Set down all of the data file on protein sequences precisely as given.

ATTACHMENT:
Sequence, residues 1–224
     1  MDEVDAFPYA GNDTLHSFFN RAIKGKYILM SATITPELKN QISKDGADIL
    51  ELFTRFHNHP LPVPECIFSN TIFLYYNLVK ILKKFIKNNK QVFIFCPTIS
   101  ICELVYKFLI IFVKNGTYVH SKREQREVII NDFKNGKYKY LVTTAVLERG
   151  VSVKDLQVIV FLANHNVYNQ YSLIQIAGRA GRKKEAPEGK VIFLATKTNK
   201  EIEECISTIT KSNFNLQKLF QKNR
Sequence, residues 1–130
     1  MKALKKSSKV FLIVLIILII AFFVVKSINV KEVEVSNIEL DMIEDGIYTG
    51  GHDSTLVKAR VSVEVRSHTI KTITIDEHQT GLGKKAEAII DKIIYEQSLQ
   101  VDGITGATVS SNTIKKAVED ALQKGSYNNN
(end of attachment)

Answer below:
Sequence, residues 1–224
     1  MDEVDAFPYA GNDTLHSFFN RAIKGKYILM SATITPELKN QISKDGADIL
    51  ELFTRFHNHP LPVPECIFSN TIFLYYNLVK ILKKFIKNNK QVFIFCPTIS
   101  ICELVYKFLI IFVKNGTYVH SKREQREVII NDFKNGKYKY LVTTAVLERG
   151  VSVKDLQVIV FLANHNVYNQ YSLIQIAGRA GRKKEAPEGK VIFLATKTNK
   201  EIEECISTIT KSNFNLQKLF QKNR
Sequence, residues 1–130
     1  MKALKKSSKV FLIVLIILII AFFVVKSINV KEVEVSNIEL DMIEDGIYTG
    51  GHDSTLVKAR VSVEVRSHTI KTITIDEHQT GLGKKAEAII DKIIYEQSLQ
   101  VDGITGATVS SNTIKKAVED ALQKGSYNNN